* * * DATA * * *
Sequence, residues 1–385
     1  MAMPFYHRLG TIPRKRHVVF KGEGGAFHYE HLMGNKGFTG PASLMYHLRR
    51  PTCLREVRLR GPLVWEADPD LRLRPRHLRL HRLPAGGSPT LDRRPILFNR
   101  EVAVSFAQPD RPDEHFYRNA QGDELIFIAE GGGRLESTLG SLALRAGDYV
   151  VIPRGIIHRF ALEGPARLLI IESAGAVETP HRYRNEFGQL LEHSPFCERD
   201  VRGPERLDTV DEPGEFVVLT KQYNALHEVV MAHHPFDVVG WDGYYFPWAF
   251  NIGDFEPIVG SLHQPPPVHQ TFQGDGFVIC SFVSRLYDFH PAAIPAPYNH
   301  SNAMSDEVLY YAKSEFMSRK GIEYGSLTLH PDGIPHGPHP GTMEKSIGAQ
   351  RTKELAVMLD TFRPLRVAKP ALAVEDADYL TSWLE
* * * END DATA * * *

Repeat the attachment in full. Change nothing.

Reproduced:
Sequence, residues 1–385
     1  MAMPFYHRLG TIPRKRHVVF KGEGGAFHYE HLMGNKGFTG PASLMYHLRR
    51  PTCLREVRLR GPLVWEADPD LRLRPRHLRL HRLPAGGSPT LDRRPILFNR
   101  EVAVSFAQPD RPDEHFYRNA QGDELIFIAE GGGRLESTLG SLALRAGDYV
   151  VIPRGIIHRF ALEGPARLLI IESAGAVETP HRYRNEFGQL LEHSPFCERD
   201  VRGPERLDTV DEPGEFVVLT KQYNALHEVV MAHHPFDVVG WDGYYFPWAF
   251  NIGDFEPIVG SLHQPPPVHQ TFQGDGFVIC SFVSRLYDFH PAAIPAPYNH
   301  SNAMSDEVLY YAKSEFMSRK GIEYGSLTLH PDGIPHGPHP GTMEKSIGAQ
   351  RTKELAVMLD TFRPLRVAKP ALAVEDADYL TSWLE